After the Disaster: Orwell Sets the Bar Low, So We Still Come Out On Top

Margaret Atwood’s novel, Oryx and Crake, (2005) is generally compared to George Orwell’s 1984, which really doesn’t say much for it, does it? Instead of the bugbear being a vague, encroaching, totalitarianism, spoiling jolly old England, Atwood uses the dystopic Oryx and Crake to screech about all the ills she associates with Americanism. These modern U.S. sins include rampant genetically engineered plant and animal life, porn addiction, desensitization to violence, suburban hermeticism, etc. Personally, I don’t mind the occasional rant about America, but I find that when those rants come from uppity Canadians they somehow lose their “edge.”

For the longest time Atwood stood out along with Fay Weldon in my mind as one of those authors people only read because 70s Feminism brought the concept of the Woman Author back to the forefront of everyone’s attention. When I read them, many of the Naiad Press publications and everything ever written by Doris Lessing fit that bill. At best, I expected to lump her in with Virginia Woolf — the Jacqueline Onasis of literature, who wrote stupid things very beautifully. That lurking prejudice is why I always experience a tiny thrill of contradiction every time I read Atwood and Weldon and realize they are among the best of the best. It’s also why I was so disappointed with Oryx and Crake.

Part of the problem stems from the driving contradiction of the book: writing a novel about desensitization entails largely writing about the absence of desire (this was the problem with the second and third seasons of Veronica Mars. Veronica didn’t want anything). The protagonist, Snowman, doesn’t necessarily live without desire – desire is a factor since his issues with having an activist as a mother are compelling – but long stretches of the novel exist to show how he, and by extension, the World America Made, lives in a constant state of numbness. Poor pacing is the side-effect. Chapters are included that solely drive home the feeling of isolation that presses in on Snowman in the post-Apocalyptic wilderness. This same pacing flaw diminished Atwood’s otherwise fantastic novel, Alias Grace, as well (that book was also too in love with historical recreation). In her masterpiece, The Handmaid’s Tale, Atwood conveyed the feeling of crushing loneliness within a social world: it was the smart character interaction which created the feeling of desolation that comes after the catastrophe without her having to spend chapter after chapter describing what was on TV one time a long time ago, or what kind of berries her main character likes to eat, or what kind of extensive bullcrap you can get away with telling primitives.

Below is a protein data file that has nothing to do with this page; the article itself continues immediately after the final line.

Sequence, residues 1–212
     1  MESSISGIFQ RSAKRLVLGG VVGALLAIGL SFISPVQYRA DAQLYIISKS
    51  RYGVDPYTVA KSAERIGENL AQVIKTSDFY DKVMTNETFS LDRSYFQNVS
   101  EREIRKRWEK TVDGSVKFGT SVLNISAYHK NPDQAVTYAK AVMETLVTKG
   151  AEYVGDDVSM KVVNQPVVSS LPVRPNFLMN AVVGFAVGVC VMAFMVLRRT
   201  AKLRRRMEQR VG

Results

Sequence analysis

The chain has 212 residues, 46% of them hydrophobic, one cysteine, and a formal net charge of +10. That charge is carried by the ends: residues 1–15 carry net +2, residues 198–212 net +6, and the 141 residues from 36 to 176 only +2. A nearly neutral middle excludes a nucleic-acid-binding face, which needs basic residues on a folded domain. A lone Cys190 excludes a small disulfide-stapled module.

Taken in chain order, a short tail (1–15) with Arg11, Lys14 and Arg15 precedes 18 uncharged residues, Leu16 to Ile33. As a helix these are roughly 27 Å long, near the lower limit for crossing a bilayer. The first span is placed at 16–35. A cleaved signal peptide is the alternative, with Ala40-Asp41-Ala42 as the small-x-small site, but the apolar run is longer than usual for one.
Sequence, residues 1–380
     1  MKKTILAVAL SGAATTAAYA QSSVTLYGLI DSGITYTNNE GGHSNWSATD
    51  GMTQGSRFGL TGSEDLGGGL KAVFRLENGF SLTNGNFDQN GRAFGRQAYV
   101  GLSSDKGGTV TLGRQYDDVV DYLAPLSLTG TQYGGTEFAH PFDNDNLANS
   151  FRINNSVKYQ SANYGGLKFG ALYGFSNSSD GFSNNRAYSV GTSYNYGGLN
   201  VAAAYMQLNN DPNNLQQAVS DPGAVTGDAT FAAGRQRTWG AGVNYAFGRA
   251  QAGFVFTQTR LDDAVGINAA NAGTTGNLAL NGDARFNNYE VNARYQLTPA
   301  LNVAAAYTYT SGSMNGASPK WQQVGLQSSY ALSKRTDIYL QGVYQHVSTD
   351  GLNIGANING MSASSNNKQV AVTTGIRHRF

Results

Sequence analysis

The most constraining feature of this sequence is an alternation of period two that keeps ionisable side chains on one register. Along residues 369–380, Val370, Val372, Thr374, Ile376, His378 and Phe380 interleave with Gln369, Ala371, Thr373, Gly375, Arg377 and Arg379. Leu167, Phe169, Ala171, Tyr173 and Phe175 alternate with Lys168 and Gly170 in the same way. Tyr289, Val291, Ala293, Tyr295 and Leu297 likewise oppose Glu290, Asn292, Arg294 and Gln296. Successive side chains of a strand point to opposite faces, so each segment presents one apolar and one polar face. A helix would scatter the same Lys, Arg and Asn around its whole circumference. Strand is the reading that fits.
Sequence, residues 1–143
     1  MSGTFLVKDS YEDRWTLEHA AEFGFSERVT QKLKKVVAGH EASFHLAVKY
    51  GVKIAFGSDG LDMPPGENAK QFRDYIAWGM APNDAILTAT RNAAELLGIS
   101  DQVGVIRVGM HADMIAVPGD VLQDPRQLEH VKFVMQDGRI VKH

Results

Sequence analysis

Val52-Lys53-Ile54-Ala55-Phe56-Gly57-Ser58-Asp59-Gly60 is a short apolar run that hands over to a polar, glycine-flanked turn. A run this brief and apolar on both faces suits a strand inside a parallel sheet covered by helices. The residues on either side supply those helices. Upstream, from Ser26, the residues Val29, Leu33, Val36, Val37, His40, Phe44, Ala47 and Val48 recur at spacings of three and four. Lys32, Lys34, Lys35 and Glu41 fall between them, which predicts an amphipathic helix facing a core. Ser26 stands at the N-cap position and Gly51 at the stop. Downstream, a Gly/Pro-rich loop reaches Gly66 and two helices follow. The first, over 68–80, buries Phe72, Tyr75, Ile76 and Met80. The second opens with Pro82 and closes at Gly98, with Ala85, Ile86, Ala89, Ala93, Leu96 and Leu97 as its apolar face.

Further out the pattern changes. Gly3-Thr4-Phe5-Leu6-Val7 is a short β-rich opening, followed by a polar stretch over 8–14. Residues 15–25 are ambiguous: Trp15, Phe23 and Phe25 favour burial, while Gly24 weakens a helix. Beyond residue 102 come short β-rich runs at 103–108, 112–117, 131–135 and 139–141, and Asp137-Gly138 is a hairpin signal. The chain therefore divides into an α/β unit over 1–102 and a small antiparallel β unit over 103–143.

Post-Apocalyptic fiction is big business these days. See Cormac McCarthy’s big dealio, The Road. I think the reason for that is because our culture no longer has a steady measure of ‘the event.’ In nineteenth century fiction, all you had to do is spend a few chapters hyping up the big Ball Lucy would be attending, and the reader would be prepped to expect a big deal. Nowadays, you have to destroy civilization to get readers to think anything of import is going on. That ties into Atwood’s fascination about our fascination with porn — and the best scene of the novel is when Snowman describes seeing Oryx for the first time on a video where she and other underage girls are licking the porn star. She looks directly at the camera man, and, on the other end of the transmission, breaks the frame for Snowman. Without an event-horizon, even suicide is foreclosed as “killing yourself was something you did for an audience” — without the possibility of an event or a social world even death loses importance.

The sensation that post-Apocalyptic fiction is supposed to give you is not one of desire, but of regret. That doesn’t appeal to me. There’s something prim and proper in writing negatively, even if satirically, about dystopia. It amounts to emotional smut. Nostalgia porn, wallowing in the rightness of one’s beliefs. The Apocalypse is too bleak. I am drawn to life after the ‘Fuck Up.’